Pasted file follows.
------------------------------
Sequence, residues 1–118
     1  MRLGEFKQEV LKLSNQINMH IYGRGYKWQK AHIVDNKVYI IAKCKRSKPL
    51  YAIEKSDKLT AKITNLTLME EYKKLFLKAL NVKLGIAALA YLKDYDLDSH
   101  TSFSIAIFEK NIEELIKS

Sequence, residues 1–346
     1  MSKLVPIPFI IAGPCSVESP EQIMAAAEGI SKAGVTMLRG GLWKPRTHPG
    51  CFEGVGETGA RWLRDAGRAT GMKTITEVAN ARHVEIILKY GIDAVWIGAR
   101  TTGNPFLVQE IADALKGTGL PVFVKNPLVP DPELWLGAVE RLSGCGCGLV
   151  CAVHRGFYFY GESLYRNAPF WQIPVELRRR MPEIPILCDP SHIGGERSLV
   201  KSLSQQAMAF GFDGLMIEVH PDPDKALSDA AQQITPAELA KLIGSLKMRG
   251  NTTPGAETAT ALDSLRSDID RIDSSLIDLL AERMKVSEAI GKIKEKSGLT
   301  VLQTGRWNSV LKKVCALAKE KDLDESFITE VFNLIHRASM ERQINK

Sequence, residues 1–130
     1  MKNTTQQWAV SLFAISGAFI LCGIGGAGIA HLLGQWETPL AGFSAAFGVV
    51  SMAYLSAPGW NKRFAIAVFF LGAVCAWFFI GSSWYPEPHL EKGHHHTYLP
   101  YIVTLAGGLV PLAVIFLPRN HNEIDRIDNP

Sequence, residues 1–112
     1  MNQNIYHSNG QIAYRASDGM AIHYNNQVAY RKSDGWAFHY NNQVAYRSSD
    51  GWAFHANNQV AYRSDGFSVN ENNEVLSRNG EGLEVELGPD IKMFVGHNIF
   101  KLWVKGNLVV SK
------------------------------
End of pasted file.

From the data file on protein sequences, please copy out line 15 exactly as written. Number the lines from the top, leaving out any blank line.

    51  SMAYLSAPGW NKRFAIAVFF LGAVCAWFFI GSSWYPEPHL EKGHHHTYLP